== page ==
Why You Should Seriously Consume More Eggs

March 7, 2023

Ah, Eggs: a primitive, whole, nutritious food. Eggs have belonged to the human diet for approximately 6 million years, according to food historians. If you've ever doubted the nutritional soundness of an egg, read on to resolve your doubts.

Picturesque eggs in a basket.

Eggs are Sustainable

According to the Egg Farmers of Canada, eggs offer the smallest environmental impact out of any animal protein! Actual chickens are like little composters: they are extremely efficient at converting feed and food waste into high quality protein.

Unhealthy chickens do not lay eggs. The Canadian egg industry has no interest in tormenting their golden egg producers - in fact, all Canadian egg farmers follow the national Animal Care Program.

Backyard hens are even more sustainable - if you're lucky enough to own a flock, you'll already appreciate how eagerly your birds take care of food waste. About 30-40% of food produced in Canada is wasted every year!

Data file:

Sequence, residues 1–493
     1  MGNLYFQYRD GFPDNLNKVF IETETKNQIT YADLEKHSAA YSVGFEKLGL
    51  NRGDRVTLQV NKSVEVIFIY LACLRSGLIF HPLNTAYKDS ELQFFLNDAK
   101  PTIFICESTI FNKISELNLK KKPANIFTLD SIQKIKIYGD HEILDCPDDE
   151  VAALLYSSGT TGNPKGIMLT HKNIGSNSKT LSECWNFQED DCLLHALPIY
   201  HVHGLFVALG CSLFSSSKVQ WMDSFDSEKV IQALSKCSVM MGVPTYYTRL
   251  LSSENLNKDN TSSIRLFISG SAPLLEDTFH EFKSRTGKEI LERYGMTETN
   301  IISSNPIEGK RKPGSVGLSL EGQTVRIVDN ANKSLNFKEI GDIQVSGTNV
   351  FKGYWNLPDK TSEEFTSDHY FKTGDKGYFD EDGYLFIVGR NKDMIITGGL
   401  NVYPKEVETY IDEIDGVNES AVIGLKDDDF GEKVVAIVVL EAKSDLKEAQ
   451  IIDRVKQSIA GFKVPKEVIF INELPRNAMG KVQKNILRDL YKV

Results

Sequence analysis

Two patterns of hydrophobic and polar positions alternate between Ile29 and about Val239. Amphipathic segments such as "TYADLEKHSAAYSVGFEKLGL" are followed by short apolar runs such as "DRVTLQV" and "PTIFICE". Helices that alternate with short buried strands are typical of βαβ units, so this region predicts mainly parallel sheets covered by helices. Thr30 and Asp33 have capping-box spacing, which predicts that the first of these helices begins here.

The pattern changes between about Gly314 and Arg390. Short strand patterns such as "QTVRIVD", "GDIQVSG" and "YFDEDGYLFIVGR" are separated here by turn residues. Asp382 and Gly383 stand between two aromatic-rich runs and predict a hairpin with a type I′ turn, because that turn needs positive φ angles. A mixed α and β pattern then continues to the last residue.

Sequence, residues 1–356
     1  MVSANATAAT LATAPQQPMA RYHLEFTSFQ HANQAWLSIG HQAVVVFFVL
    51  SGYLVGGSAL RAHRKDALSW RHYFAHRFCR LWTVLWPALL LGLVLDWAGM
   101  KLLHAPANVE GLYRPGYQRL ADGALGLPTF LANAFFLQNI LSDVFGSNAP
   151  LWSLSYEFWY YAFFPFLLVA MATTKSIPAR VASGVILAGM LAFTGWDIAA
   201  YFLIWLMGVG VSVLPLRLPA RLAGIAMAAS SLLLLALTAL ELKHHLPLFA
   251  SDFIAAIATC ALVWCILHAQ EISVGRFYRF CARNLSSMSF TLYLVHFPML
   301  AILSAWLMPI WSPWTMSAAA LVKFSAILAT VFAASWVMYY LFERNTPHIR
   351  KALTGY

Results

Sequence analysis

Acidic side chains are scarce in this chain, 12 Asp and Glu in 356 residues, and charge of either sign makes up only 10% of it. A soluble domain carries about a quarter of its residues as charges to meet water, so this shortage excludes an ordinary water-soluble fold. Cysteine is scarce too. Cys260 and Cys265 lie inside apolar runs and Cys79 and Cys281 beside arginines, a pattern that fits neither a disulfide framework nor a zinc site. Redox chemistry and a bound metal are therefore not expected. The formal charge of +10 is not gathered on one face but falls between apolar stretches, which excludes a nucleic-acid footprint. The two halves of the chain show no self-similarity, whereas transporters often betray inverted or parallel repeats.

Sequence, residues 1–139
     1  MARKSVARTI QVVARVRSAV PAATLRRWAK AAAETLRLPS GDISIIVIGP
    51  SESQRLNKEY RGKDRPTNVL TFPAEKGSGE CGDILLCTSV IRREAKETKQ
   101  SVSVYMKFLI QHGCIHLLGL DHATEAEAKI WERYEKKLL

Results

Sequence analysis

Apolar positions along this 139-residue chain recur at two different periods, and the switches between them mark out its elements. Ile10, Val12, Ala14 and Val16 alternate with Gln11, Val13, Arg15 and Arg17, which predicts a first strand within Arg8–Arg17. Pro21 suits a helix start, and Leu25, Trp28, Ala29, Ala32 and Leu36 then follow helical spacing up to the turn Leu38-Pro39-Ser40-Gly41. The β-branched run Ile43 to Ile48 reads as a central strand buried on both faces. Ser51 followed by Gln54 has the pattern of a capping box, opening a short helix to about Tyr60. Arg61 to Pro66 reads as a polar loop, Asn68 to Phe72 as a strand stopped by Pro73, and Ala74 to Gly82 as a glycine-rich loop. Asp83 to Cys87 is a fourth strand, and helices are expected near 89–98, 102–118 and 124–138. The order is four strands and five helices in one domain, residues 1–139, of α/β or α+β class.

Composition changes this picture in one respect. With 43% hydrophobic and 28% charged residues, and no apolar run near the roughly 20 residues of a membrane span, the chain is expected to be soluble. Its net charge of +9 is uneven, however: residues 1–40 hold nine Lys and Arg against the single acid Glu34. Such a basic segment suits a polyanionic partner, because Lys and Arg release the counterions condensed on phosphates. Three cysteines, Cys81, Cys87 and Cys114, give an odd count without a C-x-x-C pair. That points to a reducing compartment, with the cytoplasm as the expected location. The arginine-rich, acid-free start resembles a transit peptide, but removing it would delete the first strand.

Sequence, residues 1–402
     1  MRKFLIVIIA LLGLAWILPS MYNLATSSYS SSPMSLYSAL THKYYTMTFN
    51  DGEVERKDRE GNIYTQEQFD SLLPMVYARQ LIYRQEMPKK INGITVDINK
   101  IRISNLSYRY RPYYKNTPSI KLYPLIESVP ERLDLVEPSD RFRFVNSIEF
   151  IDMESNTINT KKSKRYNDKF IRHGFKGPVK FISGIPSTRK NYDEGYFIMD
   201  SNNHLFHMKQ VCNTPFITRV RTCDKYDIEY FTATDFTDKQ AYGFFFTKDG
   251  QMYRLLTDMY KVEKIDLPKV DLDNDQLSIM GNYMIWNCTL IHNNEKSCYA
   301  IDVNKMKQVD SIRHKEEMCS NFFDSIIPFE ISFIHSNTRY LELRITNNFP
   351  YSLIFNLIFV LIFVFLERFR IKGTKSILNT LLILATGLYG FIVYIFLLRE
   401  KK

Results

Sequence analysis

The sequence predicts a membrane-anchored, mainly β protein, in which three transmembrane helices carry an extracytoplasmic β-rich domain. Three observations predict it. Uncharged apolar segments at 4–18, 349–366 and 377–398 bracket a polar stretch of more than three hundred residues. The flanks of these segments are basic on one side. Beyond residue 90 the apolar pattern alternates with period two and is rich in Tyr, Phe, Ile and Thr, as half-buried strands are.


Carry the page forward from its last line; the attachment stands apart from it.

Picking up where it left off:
Eggs Improve Nutrient Absorption

Vitamins A, D, E, and K, for example, are all fat-soluble. Consuming foods that contain such vitamins alongside eggs can significantly improve nutrient absorption - you get more nutritional bang for your buck, so to speak.

If you're eating salads without dressing or without sources of healthy fats, you're actually missing out on a lot more than flavour! As an example, lutein - a powerful antioxidant found in spinach, eggs, and supplements (among other sources) - was most bioavailable when obtained from eggs.

Another study found a significant improvement in the absorption of carotenoids (also powerful antioxidants) when co-consuming eggs and vegetables.

Eating eggs alongside vegetables rich in vitamin E can also increase vitamin E absorption.

Vitamins Contained in Eggs

Unless you are allergic, eggs are, arguably, nature's perfect multivitamin! Technically, the only vitamin you can't get from an egg is vitamin C. They contain essential bioactive compounds, minerals, proteins, and fats, and present an attractive macronutrient profile without packing a ton of calories.